Solar Ship and UTIAS to publish results of solar powered hybrid airship study

TORONTO, ONTARIO, CANADA, June 22, 2018 / — Today, Solar Ship and the University of Toronto Institute of Aerospace Studies (UTIAS) announced they will be publishing the results of their study on the optimal design for a solar powered hybrid airship.

The research collaboration between Solar Ship and UTIAS used the Jetstream aerodynamic shape optimization framework to find an optimal design for the geometry of the airship envelope. The objective of the study was to optimize the design of a solar powered hybrid airship for operation in Africa where there is reliable solar potential and vast areas without reliable transport services. The optimizer has the freedom to vary the hybrid airship’s shapes, span, twist, angle of attack, and flap angle. The objective was to minimize the size of the aircraft while meeting all of the necessary constraints related to power production and consumption, stability, and several others. The results are a highly efficient aircraft using solely solar power able to generate lift from both buoyancy and aerodynamics capable of landing on a soccer field.

UTIAS Professor, David Zingg: “Solar Ship has been working with us for several years developing a solar powered hybrid airship. Faculty and students were immediately attracted to their mission to deliver critical cargo to points of need in Africa and we were fascinated by the design challenges of their mission. Solar Ship has hired many of our students over the years and this enables us to collaborate on several challenging projects. The results of this study show a compelling design optimized through our unique aerodynamic shape optimization capabilities. We are eager to see these results converted into a flying aircraft being used to deliver critical supplies on its mission in Africa.”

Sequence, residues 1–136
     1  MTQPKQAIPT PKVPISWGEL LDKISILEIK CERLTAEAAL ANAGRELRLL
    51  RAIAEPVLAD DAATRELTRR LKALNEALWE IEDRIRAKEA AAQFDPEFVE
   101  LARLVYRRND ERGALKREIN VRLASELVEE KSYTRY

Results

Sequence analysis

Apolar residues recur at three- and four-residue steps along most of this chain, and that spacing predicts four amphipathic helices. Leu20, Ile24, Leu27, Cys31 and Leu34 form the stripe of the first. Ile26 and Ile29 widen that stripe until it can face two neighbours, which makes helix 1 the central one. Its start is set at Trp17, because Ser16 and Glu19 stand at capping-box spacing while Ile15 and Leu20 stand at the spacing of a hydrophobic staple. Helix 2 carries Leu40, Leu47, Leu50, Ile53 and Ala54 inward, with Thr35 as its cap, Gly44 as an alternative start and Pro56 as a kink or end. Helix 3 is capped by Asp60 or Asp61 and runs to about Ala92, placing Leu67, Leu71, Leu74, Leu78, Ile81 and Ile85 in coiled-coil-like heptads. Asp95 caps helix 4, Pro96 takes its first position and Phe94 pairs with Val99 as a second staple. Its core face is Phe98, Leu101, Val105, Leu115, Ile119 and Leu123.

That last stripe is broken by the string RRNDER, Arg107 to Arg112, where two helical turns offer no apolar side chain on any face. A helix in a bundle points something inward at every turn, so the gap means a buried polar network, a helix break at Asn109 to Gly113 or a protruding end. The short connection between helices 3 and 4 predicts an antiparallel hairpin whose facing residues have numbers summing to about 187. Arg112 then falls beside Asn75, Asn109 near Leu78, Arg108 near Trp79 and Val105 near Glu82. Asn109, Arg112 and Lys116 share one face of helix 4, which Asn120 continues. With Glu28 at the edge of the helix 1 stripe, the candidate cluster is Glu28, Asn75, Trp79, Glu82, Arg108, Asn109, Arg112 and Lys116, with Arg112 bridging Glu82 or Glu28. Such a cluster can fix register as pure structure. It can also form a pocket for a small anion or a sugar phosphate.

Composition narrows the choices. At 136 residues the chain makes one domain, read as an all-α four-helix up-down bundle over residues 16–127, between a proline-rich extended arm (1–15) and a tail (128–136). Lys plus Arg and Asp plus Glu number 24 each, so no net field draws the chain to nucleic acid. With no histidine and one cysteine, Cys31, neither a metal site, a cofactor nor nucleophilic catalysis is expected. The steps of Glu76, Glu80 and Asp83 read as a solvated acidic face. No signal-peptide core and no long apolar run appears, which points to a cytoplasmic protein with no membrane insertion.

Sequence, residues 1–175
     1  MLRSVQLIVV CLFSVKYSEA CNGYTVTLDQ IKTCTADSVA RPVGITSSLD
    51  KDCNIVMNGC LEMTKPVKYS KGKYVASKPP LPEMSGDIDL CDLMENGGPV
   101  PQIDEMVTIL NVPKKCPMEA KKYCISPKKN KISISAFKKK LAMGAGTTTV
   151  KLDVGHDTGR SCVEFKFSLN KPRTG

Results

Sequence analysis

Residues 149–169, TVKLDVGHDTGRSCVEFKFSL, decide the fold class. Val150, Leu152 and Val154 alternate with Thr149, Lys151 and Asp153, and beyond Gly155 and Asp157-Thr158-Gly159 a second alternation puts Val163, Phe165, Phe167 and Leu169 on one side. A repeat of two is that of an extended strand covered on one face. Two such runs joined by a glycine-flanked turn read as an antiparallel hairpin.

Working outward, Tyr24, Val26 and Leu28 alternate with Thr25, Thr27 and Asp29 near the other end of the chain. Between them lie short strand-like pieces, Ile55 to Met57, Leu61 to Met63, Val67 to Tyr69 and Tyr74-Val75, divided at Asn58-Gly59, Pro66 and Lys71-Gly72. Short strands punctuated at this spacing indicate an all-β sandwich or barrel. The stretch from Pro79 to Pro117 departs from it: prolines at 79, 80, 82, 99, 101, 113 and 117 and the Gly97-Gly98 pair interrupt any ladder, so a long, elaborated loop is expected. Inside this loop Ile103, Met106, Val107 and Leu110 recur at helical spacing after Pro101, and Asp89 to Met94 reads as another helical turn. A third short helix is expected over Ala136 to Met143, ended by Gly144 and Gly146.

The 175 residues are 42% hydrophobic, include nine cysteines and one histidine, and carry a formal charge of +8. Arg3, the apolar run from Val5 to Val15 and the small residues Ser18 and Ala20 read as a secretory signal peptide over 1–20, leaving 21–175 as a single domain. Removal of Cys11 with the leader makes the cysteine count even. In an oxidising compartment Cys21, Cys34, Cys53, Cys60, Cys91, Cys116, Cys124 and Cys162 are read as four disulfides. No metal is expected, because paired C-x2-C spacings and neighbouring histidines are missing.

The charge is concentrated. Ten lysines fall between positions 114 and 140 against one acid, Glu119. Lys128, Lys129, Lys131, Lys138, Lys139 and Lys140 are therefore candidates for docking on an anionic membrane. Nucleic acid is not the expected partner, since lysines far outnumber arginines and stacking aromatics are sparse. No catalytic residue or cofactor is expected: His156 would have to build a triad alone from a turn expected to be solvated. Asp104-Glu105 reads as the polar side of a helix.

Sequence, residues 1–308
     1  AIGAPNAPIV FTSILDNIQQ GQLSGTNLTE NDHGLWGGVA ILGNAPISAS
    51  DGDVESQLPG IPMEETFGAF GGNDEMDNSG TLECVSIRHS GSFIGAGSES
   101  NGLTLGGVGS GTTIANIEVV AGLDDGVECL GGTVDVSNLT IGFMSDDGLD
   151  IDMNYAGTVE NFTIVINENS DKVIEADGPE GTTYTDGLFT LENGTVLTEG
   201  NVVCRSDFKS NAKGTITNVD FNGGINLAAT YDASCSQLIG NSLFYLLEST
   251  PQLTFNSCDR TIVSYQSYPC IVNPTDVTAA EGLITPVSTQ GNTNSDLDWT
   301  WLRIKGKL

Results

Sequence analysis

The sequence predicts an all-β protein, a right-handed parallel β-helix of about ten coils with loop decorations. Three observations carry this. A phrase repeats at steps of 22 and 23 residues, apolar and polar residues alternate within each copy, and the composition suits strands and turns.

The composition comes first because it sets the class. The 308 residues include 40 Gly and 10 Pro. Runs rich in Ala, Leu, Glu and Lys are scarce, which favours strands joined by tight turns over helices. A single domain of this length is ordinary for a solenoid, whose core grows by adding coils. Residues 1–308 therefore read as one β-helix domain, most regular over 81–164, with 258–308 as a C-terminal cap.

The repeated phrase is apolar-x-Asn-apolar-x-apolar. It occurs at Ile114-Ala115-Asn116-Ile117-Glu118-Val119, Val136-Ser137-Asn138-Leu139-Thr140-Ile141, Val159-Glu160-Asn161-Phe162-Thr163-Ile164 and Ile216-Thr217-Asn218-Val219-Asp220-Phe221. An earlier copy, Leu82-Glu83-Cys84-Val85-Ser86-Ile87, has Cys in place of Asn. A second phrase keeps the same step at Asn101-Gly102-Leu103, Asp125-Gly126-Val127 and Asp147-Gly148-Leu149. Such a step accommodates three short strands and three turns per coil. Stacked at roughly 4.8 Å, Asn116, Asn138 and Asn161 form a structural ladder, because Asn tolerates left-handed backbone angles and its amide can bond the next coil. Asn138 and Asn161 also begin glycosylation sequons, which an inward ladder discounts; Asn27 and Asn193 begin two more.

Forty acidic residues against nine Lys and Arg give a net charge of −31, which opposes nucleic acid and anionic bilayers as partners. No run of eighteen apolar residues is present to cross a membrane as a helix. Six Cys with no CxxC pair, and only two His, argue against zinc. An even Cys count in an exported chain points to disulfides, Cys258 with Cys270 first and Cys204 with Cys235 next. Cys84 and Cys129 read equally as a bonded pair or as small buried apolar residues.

Solar Ship Inc. is a Canadian company with its head office in Toronto and operations in Brantford, Ontario, South Africa, Uganda and Zambia. Solar Ship develops hybrid aircraft and aerostats to service remote areas. The aircraft uses two forms of lift: static lift, generated by buoyant gas like an airship, combined with the aerodynamic lift of a bush plane. This creates the capacity to fly large loads into areas without infrastructure and it enables the aircraft to fly without the use of fossil fuels. Aerostats use similar materials as the aircraft and do not use fossil fuels. They provide low cost, solar powered internet connectivity in remote areas.


UTIAS is one of the leading aerospace research and teaching institutions in the world. From autonomous drones and sustainable aviation to robotics and microsatellites, UTIAS researchers are on the cutting edge of the latest technologies that are revolutionizing our world. UTIAS faculty and graduate students collaborate with researchers and industry leaders across Canada and around the world. The Centres for Research in Sustainable Aviation (CRSA) and in Aerial Robotics (CARRE) make UTIAS a world leader in these important areas, providing opportunities for students and industry to invent, test and evaluate breakthrough technologies in aerospace.

Jay Godsall
Solar Ship Inc.
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Source: EIN Presswire